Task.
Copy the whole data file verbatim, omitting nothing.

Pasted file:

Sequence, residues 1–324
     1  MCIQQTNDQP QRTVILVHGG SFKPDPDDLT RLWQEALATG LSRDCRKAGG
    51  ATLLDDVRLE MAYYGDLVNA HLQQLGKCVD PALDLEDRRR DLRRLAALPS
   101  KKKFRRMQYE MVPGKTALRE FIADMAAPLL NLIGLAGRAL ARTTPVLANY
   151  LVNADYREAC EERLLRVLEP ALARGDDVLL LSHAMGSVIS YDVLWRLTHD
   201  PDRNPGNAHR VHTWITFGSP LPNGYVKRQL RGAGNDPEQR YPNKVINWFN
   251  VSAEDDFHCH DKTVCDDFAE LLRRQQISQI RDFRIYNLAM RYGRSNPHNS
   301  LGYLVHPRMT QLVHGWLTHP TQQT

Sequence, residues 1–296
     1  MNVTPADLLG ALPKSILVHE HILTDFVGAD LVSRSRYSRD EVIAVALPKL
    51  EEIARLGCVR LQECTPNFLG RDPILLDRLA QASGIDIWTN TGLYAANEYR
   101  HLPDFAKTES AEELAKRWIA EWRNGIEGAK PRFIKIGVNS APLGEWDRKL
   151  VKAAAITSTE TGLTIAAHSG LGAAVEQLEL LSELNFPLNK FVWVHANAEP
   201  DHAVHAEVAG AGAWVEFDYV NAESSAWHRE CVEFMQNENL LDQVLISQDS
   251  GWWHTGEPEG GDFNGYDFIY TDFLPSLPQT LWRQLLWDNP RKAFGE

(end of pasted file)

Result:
Sequence, residues 1–324
     1  MCIQQTNDQP QRTVILVHGG SFKPDPDDLT RLWQEALATG LSRDCRKAGG
    51  ATLLDDVRLE MAYYGDLVNA HLQQLGKCVD PALDLEDRRR DLRRLAALPS
   101  KKKFRRMQYE MVPGKTALRE FIADMAAPLL NLIGLAGRAL ARTTPVLANY
   151  LVNADYREAC EERLLRVLEP ALARGDDVLL LSHAMGSVIS YDVLWRLTHD
   201  PDRNPGNAHR VHTWITFGSP LPNGYVKRQL RGAGNDPEQR YPNKVINWFN
   251  VSAEDDFHCH DKTVCDDFAE LLRRQQISQI RDFRIYNLAM RYGRSNPHNS
   301  LGYLVHPRMT QLVHGWLTHP TQQT

Sequence, residues 1–296
     1  MNVTPADLLG ALPKSILVHE HILTDFVGAD LVSRSRYSRD EVIAVALPKL
    51  EEIARLGCVR LQECTPNFLG RDPILLDRLA QASGIDIWTN TGLYAANEYR
   101  HLPDFAKTES AEELAKRWIA EWRNGIEGAK PRFIKIGVNS APLGEWDRKL
   151  VKAAAITSTE TGLTIAAHSG LGAAVEQLEL LSELNFPLNK FVWVHANAEP
   201  DHAVHAEVAG AGAWVEFDYV NAESSAWHRE CVEFMQNENL LDQVLISQDS
   251  GWWHTGEPEG GDFNGYDFIY TDFLPSLPQT LWRQLLWDNP RKAFGE